Smoking While Black


One of President Obama’s more unsung goals over the past eight years has been repairing the damage done by America’s deeply flawed criminal justice system. Just before Christmas, the President commuted the sentences of 96 inmates serving decades-long prison terms for nonviolent, drug-related crimes. And in March, he commuted the sentences of 61 more, a third of whom were serving life sentences. Since launching his clemency initiative in 2014, Obama has commuted more sentences than the six presidents that preceded him combined–348 counting the 48 that were granted clemency this June. Still, America’s drug policy, the impetus for generations of minorities entering the criminal justice system, remains a shadowy remnant of this country’s racist past.

The war on drugs was born from a shameful tendency of villainizing the existence of black and brown peoples. In 1914, The New York Times published an article titled "Negro Cocaine Fiends Are a New Southern Menace" and not long after, the Journal of the American Medical Association published an editorial lamenting the rise of "drug-crazed, sex-mad negroes." By 1915, the country had rallied behind The Harrison Narcotics Act, which took measures to criminalize and curtail drug consumption. Those early American views of drug use set the tone for decades of drug legislation based on fear of communities of color. That logic was present when President Ronald Reagan eventually declared an all out "war" on drugs. In his 1986 "Living Room Chat" with America, the then President’s stance seemed awfully vitriolic, describing drug users as outsiders hell-bent on corrupting "our" children.

The framing of drug legislation as protection from some existential threat born inside inner cities allowed for a merciless culture of shaming, ostracizing, and imprisoning drug users from low income, minority-rich communities. Nevermind the fact that crack cocaine, the drug fought most heavily in the ’80s, was merely a different (and cheaper) form of cocaine—a popular drug amongst white people–the tough legislation and police crackdown on drug users did nothing to curb drug use of it. Instead, a new dynamic emerged that justified further economic and racial stratification: the belief that drug users, and thus the communities most affected by drugs, were at fault for their own demise. This played out most perniciously in America’s schools, where students became criminalized for drug infractions and a new justification for segregation conveniently came to the forefront.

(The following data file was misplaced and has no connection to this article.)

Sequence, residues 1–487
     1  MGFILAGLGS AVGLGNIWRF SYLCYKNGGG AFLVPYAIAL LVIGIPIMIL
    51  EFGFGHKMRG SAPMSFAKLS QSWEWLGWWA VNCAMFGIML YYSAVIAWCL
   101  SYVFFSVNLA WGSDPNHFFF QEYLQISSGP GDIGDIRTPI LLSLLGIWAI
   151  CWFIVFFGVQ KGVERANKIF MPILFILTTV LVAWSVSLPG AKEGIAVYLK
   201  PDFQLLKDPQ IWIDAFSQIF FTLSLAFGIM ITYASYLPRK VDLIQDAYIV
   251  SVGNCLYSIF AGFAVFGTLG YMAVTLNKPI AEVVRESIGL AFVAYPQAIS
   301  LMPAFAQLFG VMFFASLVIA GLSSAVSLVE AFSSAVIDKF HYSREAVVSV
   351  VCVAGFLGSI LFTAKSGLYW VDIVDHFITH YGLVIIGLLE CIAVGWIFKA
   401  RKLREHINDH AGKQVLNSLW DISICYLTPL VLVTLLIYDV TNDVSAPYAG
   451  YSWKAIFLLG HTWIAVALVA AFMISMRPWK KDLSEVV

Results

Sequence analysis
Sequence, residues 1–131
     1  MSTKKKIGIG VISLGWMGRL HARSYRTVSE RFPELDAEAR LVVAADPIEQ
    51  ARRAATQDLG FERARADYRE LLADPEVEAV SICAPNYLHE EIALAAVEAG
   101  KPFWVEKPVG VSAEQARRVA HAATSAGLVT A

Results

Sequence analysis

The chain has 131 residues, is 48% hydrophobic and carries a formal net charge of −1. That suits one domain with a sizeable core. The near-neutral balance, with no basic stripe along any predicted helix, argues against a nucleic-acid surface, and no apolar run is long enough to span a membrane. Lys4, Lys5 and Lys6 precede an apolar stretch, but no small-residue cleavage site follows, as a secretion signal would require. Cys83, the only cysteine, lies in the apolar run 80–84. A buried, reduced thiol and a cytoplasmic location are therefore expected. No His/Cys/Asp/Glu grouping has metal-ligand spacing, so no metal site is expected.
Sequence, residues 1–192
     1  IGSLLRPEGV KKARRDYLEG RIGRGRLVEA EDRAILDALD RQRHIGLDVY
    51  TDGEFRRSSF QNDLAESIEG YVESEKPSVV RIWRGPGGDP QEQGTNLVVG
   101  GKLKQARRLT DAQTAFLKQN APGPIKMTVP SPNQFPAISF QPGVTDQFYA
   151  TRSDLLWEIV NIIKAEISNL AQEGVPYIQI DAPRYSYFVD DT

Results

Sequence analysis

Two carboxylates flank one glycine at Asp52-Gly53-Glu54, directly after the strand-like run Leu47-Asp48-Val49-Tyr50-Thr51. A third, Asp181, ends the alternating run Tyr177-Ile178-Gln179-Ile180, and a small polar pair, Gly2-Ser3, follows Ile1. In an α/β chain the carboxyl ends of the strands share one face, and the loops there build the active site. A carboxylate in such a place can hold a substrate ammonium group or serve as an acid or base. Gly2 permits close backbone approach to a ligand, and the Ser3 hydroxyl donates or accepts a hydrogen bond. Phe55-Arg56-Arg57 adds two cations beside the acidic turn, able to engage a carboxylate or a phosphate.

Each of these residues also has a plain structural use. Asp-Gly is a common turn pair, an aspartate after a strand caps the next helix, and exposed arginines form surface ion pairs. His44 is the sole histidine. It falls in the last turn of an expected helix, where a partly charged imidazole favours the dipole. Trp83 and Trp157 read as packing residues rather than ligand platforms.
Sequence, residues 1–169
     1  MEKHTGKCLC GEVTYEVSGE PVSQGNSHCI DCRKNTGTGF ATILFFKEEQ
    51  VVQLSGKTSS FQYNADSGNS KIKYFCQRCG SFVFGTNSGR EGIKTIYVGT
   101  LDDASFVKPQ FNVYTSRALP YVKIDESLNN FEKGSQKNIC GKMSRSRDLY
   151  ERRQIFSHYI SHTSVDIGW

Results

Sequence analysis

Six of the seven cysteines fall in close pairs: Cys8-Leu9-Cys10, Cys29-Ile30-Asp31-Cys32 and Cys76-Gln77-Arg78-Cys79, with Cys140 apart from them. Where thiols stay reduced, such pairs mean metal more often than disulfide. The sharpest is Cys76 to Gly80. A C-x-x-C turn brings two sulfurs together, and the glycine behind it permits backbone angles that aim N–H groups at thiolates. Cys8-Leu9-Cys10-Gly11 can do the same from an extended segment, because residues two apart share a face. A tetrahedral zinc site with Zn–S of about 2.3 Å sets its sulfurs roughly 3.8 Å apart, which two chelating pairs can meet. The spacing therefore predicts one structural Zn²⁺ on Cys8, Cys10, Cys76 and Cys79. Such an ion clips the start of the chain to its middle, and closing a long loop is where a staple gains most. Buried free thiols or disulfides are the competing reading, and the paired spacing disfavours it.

I went to a suburban high school in Texas that took its zero tolerance drug policy very seriously–in some cases, and in others, more like a guide than a hard and fast rule. For our school, maintaining a facade of safety meant removing students who "obviously" seemed to pose a threat to our learning environment. This often translated to an uneven distribution of punishment with the bulk of the suspensions and expulsions landing on students of color–who more likely than not lived in one of the two middle to low income neighborhoods zoned to the school. It was a dynamic that seemed fixed in how the world worked for me: I wasn’t supposed to be there and the slightest mistake would give "them" a reason to call me on it. When I smoked weed for the first time, in an empty construction site adjacent to my high school, I thought about a black student I’d seen get arrested for having a pipe in his backpack. I convinced myself that since I was in so many Advanced Placement classes they wouldn’t look at me like those black kids. Then, as the THC hit, I realized it didn’t matter.